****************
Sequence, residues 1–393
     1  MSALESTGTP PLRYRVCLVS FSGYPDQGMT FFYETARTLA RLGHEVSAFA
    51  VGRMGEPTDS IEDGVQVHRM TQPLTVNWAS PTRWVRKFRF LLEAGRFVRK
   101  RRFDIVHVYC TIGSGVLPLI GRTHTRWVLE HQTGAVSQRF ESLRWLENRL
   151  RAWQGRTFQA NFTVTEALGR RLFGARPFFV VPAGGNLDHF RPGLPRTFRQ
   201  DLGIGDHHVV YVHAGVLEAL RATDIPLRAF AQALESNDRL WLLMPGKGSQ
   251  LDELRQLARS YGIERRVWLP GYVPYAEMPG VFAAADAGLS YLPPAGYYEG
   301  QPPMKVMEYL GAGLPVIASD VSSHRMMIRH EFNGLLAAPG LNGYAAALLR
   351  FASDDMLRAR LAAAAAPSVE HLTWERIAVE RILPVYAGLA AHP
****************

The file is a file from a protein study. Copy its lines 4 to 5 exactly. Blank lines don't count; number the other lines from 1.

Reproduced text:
   101  RRFDIVHVYC TIGSGVLPLI GRTHTRWVLE HQTGAVSQRF ESLRWLENRL
   151  RAWQGRTFQA NFTVTEALGR RLFGARPFFV VPAGGNLDHF RPGLPRTFRQ